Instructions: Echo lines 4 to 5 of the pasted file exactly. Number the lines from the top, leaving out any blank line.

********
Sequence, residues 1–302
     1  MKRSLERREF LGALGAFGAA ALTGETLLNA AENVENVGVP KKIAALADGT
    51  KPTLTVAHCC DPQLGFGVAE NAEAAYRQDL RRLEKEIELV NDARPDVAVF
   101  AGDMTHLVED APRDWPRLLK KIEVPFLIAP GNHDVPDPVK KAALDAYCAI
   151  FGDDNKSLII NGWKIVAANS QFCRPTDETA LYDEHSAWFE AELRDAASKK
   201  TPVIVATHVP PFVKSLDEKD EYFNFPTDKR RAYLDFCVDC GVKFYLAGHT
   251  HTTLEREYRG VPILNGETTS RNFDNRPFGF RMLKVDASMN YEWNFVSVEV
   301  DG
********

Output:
   101  AGDMTHLVED APRDWPRLLK KIEVPFLIAP GNHDVPDPVK KAALDAYCAI
   151  FGDDNKSLII NGWKIVAANS QFCRPTDETA LYDEHSAWFE AELRDAASKK